According to Section 8 of the PISU Act, the Committee is composed of the Prime Minister as chairman, the Minister of Finance as vice-chairman and the Director-General of the Office as a member and secretary. The Committee has powers and duties mainly to: prepare a strategic plan; give approval in principle to a project involving a private investment and the operation of a project; prescribe rules and regulations under the PISU Act; and give decisions on issues pertaining to the implementation of this Act.
The Office serves as an ancillary body to the Committee, responsible for carrying out secretarial tasks (i.e., supporting the Committee in the implementation of PPP projects). According to Section 18 of the Act, the Office shall have the following powers and duties to: prepare a draft strategic plan for submission to the Committee; study and analyse projects and submit opinions to the Committee for consideration and approval; study, research and prepare a database relating to private investment in state enterprises for dissemination, provision of education and advice to state agencies and the general public to promote and build an undertaking of private investments in state undertakings; and report problems and obstacles arising from the implementation of the PISU Act to the Committee.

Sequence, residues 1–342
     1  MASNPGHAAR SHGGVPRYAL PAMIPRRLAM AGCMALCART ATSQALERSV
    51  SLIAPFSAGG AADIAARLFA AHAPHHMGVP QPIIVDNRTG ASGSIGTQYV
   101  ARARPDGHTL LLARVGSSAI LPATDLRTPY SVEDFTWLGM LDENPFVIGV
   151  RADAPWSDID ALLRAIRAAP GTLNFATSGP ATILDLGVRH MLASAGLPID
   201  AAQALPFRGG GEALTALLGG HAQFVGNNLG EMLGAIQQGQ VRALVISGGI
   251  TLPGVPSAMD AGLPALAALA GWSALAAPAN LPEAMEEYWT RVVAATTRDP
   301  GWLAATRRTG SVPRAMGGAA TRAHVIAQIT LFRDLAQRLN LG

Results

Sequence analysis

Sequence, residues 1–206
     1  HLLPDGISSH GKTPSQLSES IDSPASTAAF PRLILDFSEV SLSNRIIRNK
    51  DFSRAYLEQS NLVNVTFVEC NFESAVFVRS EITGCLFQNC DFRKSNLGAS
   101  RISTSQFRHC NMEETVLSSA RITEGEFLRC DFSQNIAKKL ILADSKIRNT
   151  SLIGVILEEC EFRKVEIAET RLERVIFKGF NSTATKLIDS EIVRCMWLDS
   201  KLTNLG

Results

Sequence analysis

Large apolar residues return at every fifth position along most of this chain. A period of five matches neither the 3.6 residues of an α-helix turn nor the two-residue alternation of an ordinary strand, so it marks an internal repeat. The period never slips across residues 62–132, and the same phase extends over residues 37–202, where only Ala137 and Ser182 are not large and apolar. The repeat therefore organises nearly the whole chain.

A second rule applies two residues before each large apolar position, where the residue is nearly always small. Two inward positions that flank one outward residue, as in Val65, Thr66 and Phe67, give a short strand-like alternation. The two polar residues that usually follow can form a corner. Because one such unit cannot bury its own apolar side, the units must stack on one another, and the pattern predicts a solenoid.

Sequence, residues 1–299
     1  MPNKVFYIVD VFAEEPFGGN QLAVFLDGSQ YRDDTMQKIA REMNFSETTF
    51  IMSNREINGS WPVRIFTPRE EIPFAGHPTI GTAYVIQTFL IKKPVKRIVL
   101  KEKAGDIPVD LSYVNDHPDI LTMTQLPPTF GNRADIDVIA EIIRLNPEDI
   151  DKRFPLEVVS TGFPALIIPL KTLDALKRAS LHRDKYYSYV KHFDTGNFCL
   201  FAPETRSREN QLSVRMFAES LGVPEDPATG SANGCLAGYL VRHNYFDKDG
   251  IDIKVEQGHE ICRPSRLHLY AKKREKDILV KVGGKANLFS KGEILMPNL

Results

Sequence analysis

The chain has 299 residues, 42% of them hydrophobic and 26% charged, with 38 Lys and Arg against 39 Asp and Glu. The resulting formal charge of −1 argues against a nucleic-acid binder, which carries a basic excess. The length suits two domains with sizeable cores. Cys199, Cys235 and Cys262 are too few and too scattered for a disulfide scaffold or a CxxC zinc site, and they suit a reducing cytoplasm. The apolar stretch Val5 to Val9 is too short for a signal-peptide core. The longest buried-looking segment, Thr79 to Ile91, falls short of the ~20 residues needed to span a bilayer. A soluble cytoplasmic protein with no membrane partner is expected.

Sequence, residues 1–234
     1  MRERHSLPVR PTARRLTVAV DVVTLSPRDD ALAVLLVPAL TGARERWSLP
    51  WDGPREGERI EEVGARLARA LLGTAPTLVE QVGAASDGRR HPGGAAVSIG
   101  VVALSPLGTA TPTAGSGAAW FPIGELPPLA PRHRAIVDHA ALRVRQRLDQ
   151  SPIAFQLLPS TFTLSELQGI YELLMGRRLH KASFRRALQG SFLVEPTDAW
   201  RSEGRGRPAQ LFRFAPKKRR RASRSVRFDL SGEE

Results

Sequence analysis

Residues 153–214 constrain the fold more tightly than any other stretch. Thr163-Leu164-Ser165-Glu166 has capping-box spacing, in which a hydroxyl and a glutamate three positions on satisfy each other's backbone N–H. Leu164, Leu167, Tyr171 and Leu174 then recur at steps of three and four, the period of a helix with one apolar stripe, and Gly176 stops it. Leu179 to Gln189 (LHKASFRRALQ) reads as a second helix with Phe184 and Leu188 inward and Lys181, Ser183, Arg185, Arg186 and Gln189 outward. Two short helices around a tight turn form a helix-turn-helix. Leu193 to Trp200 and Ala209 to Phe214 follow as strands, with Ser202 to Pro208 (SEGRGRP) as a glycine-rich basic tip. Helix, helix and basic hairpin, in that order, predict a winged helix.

As for the EEC region, there are three main authorities: the Cabinet, EEC Policy Committee, and the EEC Office. In comparison to the current PISU Act, the role of the Cabinet is confined to approving the principles of the PPP project and apportioning the state budget. The EEC Policy Committee plays a role similar to the Committee and has the authority to independently approve the private entity selected from the procurement process, without screening or approval of the Cabinet. Similarly, the EEC Office plays a role similar to the Office.iv General requirements for PPP contracts